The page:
In Sooroojballie v. Port Authority of New York & New Jersey, 2020 WL 2988851 (2d Cir. June 4, 2020) (Summary Order), the Second Circuit, inter alia, held that the jury’s emotional damages awarded by the jury ($2,160,000) on plaintiff’s race- and national origin-based hostile work environment claim was excessive, and determined that $250,000 was more appropriate.
After summarizing the three categories of emotional distress damages – (1) garden variety, (2) significant, and (3) egregious – it applied that framework to the facts here:
In the instant case, utilizing this helpful framework, we conclude that Sooroojballie’s emotional distress damages were significant based upon the evidence presented at trial. Sooroojballie testified that, from the summer of 2013 until he left the Port Authority in October 2014, he suffered stress at work from the hostile work environment, resulting in insomnia, anxiety, and depression, for which he was prescribed medication. He also testified about how the stress strained his relationship with his family and led to his excessive drinking. There was further evidence that, between May 2014 and January 2015, he attended 14 counseling sessions with social worker Dr. Stanley Schneider, and continued to attend the sessions for one to two months after he left the Port Authority.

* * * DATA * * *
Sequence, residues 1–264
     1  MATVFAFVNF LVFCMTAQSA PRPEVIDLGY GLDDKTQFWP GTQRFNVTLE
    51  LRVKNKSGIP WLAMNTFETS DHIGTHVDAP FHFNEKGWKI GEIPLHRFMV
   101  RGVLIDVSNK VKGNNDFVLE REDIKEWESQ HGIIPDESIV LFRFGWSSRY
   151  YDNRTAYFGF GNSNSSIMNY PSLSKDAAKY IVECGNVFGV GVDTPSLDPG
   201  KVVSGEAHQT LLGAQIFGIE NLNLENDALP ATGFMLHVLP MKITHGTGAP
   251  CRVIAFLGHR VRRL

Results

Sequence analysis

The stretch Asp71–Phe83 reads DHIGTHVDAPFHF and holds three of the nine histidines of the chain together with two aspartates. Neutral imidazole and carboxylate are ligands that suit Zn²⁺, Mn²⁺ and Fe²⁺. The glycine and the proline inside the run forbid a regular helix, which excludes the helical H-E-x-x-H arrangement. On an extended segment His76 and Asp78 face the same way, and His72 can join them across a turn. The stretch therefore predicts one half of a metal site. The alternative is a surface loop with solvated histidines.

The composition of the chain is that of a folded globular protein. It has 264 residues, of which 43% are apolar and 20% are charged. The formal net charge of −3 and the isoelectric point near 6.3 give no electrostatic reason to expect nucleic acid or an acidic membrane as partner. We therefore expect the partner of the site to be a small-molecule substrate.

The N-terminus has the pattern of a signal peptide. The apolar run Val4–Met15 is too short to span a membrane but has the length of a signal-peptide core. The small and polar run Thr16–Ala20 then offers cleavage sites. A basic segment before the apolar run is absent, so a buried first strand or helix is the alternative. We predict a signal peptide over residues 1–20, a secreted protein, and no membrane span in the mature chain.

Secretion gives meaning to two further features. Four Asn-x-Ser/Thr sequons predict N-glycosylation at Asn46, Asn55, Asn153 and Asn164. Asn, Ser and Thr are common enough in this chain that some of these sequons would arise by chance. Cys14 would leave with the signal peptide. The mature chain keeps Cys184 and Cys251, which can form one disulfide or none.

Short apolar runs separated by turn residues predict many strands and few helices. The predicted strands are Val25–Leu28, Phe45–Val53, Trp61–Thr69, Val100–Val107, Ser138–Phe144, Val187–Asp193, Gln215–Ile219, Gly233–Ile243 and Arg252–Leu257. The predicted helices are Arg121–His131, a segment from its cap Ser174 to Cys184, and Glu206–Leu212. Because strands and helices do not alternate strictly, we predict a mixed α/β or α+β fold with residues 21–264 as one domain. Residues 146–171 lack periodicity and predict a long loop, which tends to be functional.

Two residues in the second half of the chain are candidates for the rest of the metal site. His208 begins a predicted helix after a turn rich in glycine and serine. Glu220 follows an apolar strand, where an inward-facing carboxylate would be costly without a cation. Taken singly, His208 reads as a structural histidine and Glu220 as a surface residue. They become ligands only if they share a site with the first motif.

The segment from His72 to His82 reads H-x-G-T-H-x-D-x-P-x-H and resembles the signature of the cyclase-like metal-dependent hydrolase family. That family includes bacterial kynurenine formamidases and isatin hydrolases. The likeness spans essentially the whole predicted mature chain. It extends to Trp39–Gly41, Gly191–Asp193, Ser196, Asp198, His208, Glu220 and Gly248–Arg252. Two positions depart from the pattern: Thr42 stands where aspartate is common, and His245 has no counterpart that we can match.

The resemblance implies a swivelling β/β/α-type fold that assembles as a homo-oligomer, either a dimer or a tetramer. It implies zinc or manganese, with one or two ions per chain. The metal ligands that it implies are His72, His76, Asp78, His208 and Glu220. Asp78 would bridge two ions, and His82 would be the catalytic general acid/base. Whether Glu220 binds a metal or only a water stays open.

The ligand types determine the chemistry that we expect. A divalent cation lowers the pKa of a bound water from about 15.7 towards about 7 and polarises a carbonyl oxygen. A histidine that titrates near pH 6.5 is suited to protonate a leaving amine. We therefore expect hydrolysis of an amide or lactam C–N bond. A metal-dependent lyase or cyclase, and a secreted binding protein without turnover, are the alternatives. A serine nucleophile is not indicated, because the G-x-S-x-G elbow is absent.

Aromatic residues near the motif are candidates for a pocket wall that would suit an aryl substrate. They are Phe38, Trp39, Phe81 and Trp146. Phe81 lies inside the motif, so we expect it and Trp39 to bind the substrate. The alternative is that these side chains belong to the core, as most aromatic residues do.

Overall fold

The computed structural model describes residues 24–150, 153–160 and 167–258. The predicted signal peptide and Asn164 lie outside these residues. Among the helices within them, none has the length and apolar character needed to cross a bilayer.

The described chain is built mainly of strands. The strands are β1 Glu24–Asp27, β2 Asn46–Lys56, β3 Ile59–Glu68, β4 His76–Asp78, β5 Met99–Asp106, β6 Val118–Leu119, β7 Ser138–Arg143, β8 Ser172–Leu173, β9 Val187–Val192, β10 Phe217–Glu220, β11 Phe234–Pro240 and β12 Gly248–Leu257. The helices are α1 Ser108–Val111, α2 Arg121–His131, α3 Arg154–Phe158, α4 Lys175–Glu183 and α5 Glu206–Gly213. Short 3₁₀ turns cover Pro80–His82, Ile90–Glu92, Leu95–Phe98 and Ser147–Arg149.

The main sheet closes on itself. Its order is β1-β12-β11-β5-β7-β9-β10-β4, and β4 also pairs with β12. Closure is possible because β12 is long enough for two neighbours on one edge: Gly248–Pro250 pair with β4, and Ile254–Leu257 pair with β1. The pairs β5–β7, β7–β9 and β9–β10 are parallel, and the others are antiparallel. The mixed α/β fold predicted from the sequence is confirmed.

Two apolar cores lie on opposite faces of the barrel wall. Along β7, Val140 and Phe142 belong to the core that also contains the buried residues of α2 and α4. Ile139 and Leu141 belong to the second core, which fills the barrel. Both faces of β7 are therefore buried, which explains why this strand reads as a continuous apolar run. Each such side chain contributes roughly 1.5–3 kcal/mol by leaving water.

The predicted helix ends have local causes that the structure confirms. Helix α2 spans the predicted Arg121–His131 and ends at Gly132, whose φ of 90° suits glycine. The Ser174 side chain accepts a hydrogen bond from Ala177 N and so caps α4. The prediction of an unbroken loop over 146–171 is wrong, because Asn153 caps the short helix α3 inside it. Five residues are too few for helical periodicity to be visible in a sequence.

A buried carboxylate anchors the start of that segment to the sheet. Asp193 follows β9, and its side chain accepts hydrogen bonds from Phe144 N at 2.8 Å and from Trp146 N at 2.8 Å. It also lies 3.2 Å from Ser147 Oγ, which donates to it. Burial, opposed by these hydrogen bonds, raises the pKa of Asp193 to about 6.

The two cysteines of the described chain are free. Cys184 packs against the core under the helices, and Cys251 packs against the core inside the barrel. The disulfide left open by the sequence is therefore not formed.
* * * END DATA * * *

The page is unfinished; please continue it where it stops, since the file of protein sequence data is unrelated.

The court was unpersuaded by plaintiff’s argument that his damages fell into the “egregious” category, noting that plaintiff “did not provide evidence of lasting psychological effects from the hostile work environment, and had no further contact with his internist (who was treating his mental health issues) after he began his new job with the City of New York”.